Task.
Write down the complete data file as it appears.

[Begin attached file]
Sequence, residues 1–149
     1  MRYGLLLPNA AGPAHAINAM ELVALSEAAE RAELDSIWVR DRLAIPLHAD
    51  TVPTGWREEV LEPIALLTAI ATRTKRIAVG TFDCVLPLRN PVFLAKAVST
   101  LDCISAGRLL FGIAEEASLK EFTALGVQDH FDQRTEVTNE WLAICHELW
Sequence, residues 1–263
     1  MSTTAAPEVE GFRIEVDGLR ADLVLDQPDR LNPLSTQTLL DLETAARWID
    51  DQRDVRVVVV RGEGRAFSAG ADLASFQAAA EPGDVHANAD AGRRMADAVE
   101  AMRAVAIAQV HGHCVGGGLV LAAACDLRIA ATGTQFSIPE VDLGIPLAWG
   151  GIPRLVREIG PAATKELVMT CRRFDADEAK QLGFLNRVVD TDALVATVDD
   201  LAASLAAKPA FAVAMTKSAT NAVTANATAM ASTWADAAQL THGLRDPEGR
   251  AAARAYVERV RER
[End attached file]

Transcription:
Sequence, residues 1–149
     1  MRYGLLLPNA AGPAHAINAM ELVALSEAAE RAELDSIWVR DRLAIPLHAD
    51  TVPTGWREEV LEPIALLTAI ATRTKRIAVG TFDCVLPLRN PVFLAKAVST
   101  LDCISAGRLL FGIAEEASLK EFTALGVQDH FDQRTEVTNE WLAICHELW
Sequence, residues 1–263
     1  MSTTAAPEVE GFRIEVDGLR ADLVLDQPDR LNPLSTQTLL DLETAARWID
    51  DQRDVRVVVV RGEGRAFSAG ADLASFQAAA EPGDVHANAD AGRRMADAVE
   101  AMRAVAIAQV HGHCVGGGLV LAAACDLRIA ATGTQFSIPE VDLGIPLAWG
   151  GIPRLVREIG PAATKELVMT CRRFDADEAK QLGFLNRVVD TDALVATVDD
   201  LAASLAAKPA FAVAMTKSAT NAVTANATAM ASTWADAAQL THGLRDPEGR
   251  AAARAYVERV RER